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Board 300: Greater Equity, Access, and Readiness for Success in Engineering and Technology (GEARSET) - An Alternate Pathway to Engineering and ET

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2023 ASEE Annual Conference & Exposition


Baltimore , Maryland

Publication Date

June 25, 2023

Start Date

June 25, 2023

End Date

June 28, 2023

Conference Session

NSF Grantees Poster Session

Tagged Topics

Diversity and NSF Grantees Poster Session

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Paper Authors


Lesley M. Berhan The University of Toledo

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Lesley Berhan is currently the Associate Dean of Diversity, Inclusion, and Community Engagement for the College of Engineering and an Associate Professor in the department of Mechanical, Industrial, and Manufacturing Engineering at The University of Toled

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Bryan Thomas Bosch

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Bryan Bosch holds a B.S. in Civil and Environmental Engineering and a M.A. in Educational Psychology (’14), both from the University of Cincinnati. Along with his current role as the Manager of Diversity, Inclusion, and Community Engagement for the Co

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The Greater Equity, Access, and Readiness for Engineering and Technology (GEARSET) Program, an NSF funded S-STEM program was developed GEARSET to address several institutional needs at the university. The original target population for the GEARSET program was identified as a subset of the students who applied to the College of Engineering and do not meet all the admissions requirements and are admitted to an Exploratory Studies major in the university’s University College. Historical data indicates that approximately 170 students per year with a high school GPA of 3.00 or higher are admitted to Exploratory Studies because they do not meet the College of Engineering admissions criteria. Of these, roughly 78 students remain at the University after one year. Of those 78, only about 45 students per year transition to college of Engineering majors by the end of their first year. These numbers do not accurately reflect the ability of these students, but rather are due in part to curricular bottlenecks, lack of institutional support, and lack of significant relevant exposure of students to material meant to engage their engineering future selves. This data motivated the creation of the GEARSET program. Specifically, the program was designed to 1. Increase recruitment, retention, student success, and transfer rates into engineering of students who are not admitted directly to engineering but who are instead admitted to the university’s University College. 2. Increase meaningfulness and engineering relevance of pre-engineering curriculum. 3. Increase diversity within the student population of various engineering departments in the College of Engineering. 4. Remove bottlenecks in curriculum and improve access to engineering and decrease length to degree. A key aspect of the program is a curated curriculum. All students in the GEARSET program are enrolled in multiple courses historically proven to promote better understanding of the key areas of Math, Chemistry and Physics needed to be successful engineers. All students have access to advisors within the COE to help them better understand the programs, curriculum and professional outcomes of each discipline of Engineering. Another key component of the program is that low income students in the GEARSET cohort who successfully transfer to a major within the COE after one year receive scholarship support. Here we describe the Program, the results to date, and the impact of the recent global pandemic and the subsequent transition to test optional admissions criteria on the definition of the GEARSET cohort, program implementation, and student participation.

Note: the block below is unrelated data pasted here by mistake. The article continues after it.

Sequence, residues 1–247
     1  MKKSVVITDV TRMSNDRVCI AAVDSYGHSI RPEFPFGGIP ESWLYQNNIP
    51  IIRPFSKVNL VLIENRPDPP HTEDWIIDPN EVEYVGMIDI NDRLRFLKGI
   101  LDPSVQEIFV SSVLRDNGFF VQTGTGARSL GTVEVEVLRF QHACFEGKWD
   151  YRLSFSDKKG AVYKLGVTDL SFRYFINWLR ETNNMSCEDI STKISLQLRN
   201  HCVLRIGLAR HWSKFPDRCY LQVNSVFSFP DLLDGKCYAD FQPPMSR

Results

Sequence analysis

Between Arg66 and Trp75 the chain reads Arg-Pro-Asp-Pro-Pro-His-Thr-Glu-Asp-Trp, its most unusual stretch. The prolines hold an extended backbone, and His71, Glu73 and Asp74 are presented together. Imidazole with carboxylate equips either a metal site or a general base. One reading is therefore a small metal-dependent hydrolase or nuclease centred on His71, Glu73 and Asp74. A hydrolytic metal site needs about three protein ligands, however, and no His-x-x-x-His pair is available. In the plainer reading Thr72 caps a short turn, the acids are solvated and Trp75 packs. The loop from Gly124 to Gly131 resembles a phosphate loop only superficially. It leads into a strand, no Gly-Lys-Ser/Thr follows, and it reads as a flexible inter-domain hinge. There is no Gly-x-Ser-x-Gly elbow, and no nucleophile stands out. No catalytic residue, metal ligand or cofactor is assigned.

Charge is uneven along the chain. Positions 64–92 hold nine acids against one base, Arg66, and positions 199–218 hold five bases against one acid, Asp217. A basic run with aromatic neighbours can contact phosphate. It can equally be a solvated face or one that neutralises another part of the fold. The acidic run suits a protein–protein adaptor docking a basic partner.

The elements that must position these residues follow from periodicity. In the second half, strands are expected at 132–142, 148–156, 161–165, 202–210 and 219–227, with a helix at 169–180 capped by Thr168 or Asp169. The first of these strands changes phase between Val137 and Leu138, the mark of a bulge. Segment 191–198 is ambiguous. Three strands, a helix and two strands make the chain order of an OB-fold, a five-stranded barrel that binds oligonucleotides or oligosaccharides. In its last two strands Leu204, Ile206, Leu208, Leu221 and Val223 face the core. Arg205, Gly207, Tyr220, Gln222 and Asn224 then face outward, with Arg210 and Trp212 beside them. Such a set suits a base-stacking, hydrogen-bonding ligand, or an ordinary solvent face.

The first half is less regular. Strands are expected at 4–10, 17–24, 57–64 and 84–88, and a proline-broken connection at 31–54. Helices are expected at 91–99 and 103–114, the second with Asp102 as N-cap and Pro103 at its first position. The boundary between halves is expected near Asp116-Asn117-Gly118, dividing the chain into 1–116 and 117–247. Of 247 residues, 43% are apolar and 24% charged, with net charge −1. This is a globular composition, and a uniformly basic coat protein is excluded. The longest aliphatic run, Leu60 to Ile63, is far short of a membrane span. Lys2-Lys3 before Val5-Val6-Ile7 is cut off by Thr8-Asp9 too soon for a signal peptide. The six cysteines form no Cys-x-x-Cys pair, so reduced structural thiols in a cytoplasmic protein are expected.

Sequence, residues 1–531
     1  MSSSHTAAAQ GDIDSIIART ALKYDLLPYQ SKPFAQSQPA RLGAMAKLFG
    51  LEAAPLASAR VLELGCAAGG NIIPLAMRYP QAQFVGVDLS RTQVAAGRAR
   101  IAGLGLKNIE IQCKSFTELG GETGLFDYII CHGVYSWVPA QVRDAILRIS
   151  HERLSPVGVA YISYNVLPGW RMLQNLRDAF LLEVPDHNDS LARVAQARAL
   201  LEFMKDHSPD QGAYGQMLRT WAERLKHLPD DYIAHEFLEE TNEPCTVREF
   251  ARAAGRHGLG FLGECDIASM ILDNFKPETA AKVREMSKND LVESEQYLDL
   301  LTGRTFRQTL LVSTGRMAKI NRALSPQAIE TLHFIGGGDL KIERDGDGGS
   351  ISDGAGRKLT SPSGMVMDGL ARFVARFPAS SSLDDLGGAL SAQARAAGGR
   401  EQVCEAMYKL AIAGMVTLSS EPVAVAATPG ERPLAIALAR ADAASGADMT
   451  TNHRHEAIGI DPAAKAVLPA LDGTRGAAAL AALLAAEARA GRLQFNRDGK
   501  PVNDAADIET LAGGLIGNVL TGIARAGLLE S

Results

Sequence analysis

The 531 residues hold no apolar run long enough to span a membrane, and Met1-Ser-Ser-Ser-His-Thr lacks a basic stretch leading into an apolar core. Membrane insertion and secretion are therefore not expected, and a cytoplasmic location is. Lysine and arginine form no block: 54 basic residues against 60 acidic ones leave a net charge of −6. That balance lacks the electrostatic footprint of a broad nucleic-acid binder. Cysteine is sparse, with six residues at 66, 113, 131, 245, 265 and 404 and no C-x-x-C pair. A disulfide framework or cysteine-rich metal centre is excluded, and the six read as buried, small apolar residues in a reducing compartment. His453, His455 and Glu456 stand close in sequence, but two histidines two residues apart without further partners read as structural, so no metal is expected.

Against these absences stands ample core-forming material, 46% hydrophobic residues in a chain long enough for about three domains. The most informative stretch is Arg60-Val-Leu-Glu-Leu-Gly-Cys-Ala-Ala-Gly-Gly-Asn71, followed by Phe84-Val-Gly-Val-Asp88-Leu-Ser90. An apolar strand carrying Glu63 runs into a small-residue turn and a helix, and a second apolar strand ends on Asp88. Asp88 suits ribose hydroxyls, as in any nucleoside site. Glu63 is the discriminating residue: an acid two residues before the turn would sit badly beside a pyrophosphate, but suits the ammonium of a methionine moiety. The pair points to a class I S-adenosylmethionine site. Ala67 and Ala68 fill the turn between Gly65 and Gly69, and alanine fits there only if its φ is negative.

Berhan, L. M., & Bosch, B. T. (2023, June), Board 300: Greater Equity, Access, and Readiness for Success in Engineering and Technology (GEARSET) - An Alternate Pathway to Engineering and ET Paper presented at 2023 ASEE Annual Conference & Exposition, Baltimore , Maryland. 10.18260/1-2--42833

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